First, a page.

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Friday, 29 November 2013

Reciprocity in trade must not undermine the EU's trade policy

A draft law that could bar non-european firms from bidding for public procurement contracts in the European Union unless their home countries allow EU firms reciprocal access to their public procurement markets was endorsed by the International Trade Committee on Thursday. The proposed “international public procurement instrument” should strengthen the EU’s hand in trade talks and help EU firms wishing to bid for third country contracts. It aims to create some leverage in bilateral trade negotiations on the opening up of public procurement markets.
The EU is the most open market in the world, with 85% of its public procurement markets open to foreign competition, whereas major emerging economies such as China and Brazil are very restricted, insisting on protectionist requirements such as imposing technology transfers as a condition for the award of public contracts or local content requirements. This situation has led some Member States to take unilateral action to restrict access of firms from third countries which deny access to their own markets at the risk of undermining the principle of uniformity of the common trade policy. This regulation should help the Commission to convince 3rd countries to open up their procurement markets whilst easing tensions and allowing the possibility for targeted restrictive measures under the control of the Commission.
"The new rules address a crucial imbalance in global trade whereby large multinationals from newly-industrialised nations profit from open access to EU markets, but are protected from global competition at home", said European Parliament rapporteur and International Trade Committee coordinator Daniel Caspary (EPP, DE). "The new rule is simple: 'same rights for both sides'. We are creating a level playing field", he added.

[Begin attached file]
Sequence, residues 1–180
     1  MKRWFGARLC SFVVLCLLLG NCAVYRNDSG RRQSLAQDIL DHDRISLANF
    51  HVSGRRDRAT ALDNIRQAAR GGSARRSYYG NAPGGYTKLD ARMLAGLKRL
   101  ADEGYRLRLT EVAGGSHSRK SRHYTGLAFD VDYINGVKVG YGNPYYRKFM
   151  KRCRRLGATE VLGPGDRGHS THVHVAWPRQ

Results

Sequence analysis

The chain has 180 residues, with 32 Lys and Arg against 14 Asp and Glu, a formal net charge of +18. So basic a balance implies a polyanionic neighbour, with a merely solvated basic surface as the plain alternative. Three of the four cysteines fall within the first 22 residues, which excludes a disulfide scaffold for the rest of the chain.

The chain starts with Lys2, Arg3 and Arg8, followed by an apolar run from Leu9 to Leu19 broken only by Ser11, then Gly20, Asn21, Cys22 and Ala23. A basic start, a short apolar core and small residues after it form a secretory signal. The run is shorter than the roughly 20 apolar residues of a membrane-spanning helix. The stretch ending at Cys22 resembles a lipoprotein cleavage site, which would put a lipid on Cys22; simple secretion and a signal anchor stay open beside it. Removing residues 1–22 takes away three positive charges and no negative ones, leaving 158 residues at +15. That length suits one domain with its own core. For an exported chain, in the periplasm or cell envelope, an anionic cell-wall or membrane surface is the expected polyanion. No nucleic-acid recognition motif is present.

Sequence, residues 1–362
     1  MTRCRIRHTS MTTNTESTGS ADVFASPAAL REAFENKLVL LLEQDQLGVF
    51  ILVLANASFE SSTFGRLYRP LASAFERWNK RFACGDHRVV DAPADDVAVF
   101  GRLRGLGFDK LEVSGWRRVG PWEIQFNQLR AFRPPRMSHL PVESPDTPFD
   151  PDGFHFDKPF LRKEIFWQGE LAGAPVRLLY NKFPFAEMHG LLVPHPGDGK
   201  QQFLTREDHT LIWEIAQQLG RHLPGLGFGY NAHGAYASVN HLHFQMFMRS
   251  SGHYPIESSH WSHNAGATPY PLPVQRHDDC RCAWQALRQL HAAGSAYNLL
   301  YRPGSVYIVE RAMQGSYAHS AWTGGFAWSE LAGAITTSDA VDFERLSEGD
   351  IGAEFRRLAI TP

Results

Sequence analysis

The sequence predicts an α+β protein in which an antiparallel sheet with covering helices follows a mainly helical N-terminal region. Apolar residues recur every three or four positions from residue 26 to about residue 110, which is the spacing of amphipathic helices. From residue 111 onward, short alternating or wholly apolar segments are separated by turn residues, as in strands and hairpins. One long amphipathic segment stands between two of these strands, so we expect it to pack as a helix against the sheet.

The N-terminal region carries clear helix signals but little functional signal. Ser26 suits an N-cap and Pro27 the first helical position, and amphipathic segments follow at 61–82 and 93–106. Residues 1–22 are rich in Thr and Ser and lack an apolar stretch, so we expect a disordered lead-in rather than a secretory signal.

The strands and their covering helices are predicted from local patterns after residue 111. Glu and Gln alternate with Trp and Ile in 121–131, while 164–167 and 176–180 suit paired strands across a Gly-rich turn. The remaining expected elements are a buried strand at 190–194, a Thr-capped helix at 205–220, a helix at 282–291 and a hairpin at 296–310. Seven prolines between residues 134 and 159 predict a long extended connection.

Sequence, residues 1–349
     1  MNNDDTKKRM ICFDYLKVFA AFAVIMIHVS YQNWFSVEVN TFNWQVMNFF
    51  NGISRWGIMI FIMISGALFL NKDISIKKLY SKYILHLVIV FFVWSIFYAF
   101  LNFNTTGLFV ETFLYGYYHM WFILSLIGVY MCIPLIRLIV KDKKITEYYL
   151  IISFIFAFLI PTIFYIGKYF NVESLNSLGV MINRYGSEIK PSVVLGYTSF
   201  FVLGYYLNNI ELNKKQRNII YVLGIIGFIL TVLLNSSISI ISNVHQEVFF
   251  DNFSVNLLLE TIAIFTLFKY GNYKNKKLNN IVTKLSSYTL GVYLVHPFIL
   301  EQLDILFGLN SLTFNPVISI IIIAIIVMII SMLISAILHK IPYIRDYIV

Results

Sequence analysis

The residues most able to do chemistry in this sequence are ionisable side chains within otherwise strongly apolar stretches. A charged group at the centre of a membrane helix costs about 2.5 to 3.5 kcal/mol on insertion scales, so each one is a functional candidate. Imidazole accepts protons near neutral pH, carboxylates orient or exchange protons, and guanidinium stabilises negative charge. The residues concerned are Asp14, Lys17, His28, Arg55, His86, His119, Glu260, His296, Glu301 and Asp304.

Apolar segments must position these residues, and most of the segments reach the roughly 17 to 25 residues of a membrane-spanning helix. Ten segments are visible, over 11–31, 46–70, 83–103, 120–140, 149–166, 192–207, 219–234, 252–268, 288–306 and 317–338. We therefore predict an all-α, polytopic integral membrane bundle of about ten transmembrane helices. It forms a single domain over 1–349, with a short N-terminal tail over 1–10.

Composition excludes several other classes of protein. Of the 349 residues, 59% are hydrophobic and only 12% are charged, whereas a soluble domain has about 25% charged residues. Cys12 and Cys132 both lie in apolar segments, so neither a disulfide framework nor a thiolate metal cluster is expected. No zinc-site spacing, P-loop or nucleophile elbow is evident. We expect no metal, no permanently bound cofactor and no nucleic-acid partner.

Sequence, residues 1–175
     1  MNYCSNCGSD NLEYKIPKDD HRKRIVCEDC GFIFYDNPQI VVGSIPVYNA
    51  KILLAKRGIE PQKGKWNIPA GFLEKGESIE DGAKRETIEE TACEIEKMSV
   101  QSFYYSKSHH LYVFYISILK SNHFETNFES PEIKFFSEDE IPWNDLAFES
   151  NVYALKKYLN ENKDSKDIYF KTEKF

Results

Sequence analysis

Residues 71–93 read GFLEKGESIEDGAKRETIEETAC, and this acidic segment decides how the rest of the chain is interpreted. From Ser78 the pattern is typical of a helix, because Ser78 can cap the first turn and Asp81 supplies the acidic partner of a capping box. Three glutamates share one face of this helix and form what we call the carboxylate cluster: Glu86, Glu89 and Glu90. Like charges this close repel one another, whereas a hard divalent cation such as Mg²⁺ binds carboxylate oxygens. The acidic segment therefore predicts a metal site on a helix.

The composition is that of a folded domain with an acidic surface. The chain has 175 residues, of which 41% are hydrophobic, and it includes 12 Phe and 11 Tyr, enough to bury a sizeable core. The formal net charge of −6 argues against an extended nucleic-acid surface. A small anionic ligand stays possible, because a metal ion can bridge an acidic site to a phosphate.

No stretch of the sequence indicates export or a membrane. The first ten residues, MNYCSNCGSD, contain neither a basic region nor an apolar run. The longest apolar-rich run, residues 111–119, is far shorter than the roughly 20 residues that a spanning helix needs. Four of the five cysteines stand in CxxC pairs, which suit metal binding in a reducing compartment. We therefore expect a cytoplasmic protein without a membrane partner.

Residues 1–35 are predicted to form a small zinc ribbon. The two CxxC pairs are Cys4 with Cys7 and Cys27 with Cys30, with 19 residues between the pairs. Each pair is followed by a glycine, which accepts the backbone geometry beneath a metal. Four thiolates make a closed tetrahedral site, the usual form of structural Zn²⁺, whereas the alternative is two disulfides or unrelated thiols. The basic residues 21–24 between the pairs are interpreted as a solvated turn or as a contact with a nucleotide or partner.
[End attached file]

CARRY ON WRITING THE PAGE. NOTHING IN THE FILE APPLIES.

The international public procurement instrument, approved by 19 votes to 10 with 1 abstention, should help to open up access to third countries’ public procurement markets in exchange for access to EU ones. EU Commission data suggest that 85% of EU public procurement markets are already open to international tenders, but some EU trade partners are reluctant to open up these markets to EU firms. For example, EU firms are permitted to bid for only 32% of the public tenders in the USA and 28% in Japan.
The proposed instrument would apply to big public tenders (worth €5 million or more excluding VAT) and to tenders in which goods or services originating outside the EU exceed 50% of the total value of the goods or services involved.
MEPs amended the proposed rules to prevent fragmentation of the single public procurement market, by clarifying that Member States or their contracting authorities can restrict the access of third country goods and services only by measures provided for in this Regulation or by relevant European Union law and only after a European Commission investigation has found a ”lack of substantial reciprocity” by the third country concerned.
To reduce the risk that developing countries could become unintended victims of the new instrument, the committee backed the proposed exclusion of Least-Developed Countries from scope of legislation and also proposed excluding those developing countries which are ”considered to be vulnerable due to lack of diversification and insufficient integration within the international trading system”. Their bids for public contracts in the EU public tenders must be treated as intra-EU ones, said MEPs.
MEPs amended the draft to ensure that “lack of substantial reciprocity” restrictions could also be imposed where international labour standards, as defined by the recently-approved EU Public Procurement Directive, are breached in a third country.
The committee vote needs to be confirmed by the full House in a plenary vote (January tbc)

Source: European Parliament, ALDE, EPP group

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